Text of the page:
Alicia Jones, supervising school counselor for CCPS, said she works closely with Simms to monitor students’ graduation requirements, course selections and other data. “Looking back over my 28 years in education, I can honestly say he is the most dependable person I have ever worked with,” Jones said in a letter. “Mr. Simms goes above and beyond and he always anticipates data you didn’t know you needed to assist you in making an informed decision.”

Charmaine Young-Waddy, a student services specialist, agrees with Jones. “He has a unique ability to anticipate problems before they occur so that major issues can be averted,” she wrote. “He does so much more for so many people during the course of the day that it’s difficult to list everything.”

Food service

Starting as a food service worker in 2003 at T.C. Martin Elementary School, Sprouse was named food service manager at the school in 2008. Willing to meet with parents and families at open houses and meet-and-greets, Sprouse is always available to answer questions about the school’s breakfast and lunch programs, said Martin Principal Greg Miller in a nomination letter. “Jill is a people person; her infectious smile and laugh always make students feel comfortable, even when they are down,” Miller wrote.

Sprouse is a welcoming face for students. “Jill not only knows every child’s name and face in the building, she can remember things they like to eat,” said Beth Ullmann, a music teacher at Martin.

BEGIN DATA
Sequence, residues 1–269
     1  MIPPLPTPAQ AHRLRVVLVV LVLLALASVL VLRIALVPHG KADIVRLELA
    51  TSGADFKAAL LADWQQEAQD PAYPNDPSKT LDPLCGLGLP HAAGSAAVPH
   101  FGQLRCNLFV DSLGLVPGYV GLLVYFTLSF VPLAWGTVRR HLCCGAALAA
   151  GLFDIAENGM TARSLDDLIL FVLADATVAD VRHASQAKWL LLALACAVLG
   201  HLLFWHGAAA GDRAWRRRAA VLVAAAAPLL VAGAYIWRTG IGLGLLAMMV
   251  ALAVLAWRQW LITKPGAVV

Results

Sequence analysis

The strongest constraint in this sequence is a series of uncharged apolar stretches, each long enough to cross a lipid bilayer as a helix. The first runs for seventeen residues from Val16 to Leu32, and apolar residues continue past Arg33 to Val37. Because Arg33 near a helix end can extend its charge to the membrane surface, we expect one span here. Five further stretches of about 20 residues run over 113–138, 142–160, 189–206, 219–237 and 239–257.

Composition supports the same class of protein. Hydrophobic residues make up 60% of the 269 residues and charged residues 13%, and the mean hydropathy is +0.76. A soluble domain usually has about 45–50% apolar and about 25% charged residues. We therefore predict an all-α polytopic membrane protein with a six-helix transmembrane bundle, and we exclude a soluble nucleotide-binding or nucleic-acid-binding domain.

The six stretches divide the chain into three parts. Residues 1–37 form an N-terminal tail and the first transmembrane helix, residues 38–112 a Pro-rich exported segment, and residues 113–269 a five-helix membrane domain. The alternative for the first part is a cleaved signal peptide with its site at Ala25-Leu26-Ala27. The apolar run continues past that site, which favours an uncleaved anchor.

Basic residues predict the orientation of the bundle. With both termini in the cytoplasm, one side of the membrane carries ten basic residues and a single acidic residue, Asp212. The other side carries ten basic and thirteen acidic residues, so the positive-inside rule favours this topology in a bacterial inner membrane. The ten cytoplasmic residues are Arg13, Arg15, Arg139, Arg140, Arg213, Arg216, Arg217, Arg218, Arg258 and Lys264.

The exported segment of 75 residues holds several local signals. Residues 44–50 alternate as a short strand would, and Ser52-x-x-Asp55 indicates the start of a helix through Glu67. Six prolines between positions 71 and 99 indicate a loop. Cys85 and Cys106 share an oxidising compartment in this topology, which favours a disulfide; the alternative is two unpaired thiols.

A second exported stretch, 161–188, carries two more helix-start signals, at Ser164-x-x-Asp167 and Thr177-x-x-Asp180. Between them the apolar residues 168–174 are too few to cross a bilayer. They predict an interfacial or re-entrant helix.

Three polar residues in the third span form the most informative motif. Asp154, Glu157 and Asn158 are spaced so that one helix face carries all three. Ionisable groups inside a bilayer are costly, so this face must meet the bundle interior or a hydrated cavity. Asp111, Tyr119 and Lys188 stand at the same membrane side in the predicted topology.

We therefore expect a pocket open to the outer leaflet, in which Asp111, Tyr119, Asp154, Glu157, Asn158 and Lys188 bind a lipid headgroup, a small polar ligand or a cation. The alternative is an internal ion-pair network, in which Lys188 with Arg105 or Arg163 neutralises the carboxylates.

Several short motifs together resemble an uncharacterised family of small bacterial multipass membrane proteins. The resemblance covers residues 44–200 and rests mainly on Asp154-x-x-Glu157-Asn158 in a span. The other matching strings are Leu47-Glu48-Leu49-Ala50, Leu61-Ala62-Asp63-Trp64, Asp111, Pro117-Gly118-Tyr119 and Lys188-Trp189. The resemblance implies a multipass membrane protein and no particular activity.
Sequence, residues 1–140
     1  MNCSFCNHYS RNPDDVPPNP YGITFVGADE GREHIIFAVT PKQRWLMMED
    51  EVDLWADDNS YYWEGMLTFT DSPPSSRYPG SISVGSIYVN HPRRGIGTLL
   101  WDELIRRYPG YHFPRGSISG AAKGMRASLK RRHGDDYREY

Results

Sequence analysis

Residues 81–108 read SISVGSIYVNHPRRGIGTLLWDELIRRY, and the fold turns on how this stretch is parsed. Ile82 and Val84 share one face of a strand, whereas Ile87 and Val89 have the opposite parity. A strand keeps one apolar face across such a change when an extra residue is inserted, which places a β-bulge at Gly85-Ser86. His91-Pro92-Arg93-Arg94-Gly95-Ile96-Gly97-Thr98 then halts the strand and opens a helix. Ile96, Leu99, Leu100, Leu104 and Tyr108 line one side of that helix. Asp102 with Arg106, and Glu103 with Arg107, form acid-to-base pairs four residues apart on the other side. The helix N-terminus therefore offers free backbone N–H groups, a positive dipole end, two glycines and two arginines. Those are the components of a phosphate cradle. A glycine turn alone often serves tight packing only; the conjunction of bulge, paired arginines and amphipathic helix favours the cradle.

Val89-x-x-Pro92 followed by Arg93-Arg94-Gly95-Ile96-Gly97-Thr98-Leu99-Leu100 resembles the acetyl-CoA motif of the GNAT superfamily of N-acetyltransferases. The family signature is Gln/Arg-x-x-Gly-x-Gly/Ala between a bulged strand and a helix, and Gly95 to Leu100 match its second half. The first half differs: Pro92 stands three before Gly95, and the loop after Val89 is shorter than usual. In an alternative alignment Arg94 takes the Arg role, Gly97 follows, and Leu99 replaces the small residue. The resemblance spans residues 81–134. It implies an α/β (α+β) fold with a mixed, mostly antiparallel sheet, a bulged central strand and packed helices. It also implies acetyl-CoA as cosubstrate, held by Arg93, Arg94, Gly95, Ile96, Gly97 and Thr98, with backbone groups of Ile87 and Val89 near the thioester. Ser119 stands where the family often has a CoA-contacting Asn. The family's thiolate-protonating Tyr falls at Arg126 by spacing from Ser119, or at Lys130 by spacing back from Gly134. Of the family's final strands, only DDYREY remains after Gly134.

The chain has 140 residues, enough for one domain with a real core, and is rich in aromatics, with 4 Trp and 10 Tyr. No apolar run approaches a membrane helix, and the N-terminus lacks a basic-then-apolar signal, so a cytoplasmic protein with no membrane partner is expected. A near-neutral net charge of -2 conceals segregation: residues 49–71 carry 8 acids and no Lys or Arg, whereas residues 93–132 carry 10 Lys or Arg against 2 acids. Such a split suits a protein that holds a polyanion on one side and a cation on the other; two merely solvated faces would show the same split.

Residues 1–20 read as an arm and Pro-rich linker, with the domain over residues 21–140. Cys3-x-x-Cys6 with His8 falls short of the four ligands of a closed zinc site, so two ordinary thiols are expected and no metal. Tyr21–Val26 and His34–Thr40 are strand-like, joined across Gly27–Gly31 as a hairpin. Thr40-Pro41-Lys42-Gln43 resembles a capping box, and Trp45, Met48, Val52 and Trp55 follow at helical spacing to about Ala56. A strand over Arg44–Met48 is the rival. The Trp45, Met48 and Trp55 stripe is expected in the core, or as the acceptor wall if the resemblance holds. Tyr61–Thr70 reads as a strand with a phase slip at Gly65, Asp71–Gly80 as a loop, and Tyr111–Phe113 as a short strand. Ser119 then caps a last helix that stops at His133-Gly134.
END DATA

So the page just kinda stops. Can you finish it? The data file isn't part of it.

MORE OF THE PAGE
Sprouse helps ease parents’ worries. She sends home notes letting parents know when their child’s lunch account is nearing its limit to allow moms and dads time to add money to the account before it zeros out. Students appreciate Sprouse too. “She has been one of my best friends since the day I could remember,” fourth grader Mandy Wang wrote in a nomination letter. “She never acted gloomy or somber. She doesn’t teach you things or help you learn skills, but she is there to make your day, which is just as important.”

The awards were established to recognize support personnel who exemplify excellence in their jobs. Classified personnel are essential to the effective and efficient operations of the school system.

Charles County Public Schools provides 26,300 students in grades prekindergarten through 12 with an academically challenging education. Located in Southern Maryland, Charles County Public Schools has 36 schools that offer a technologically advanced, progressive and high quality education that builds character, equips for leadership and prepares students for life, careers and higher education.


The Charles County public school system does not discriminate on the basis of race, color, religion, national origin, sex, sexual orientation, gender identity, age or disability in its programs, activities or employment practices. For inquiries, please contact Dr. Patricia Vaira, Title IX/ADA/Section 504 Coordinator (students) or Pamela K. Murphy, Title IX/ADA/Section 504 coordinator (employees/ adults), at Charles County Public Schools, Jesse L. Starkey Administration Building, P.O. Box 2770, La Plata, MD 20646; 301-932-6610/301-870-3814. For special accommodations call 301-934-7230 or TDD 1-800-735-2258 two weeks prior to the event.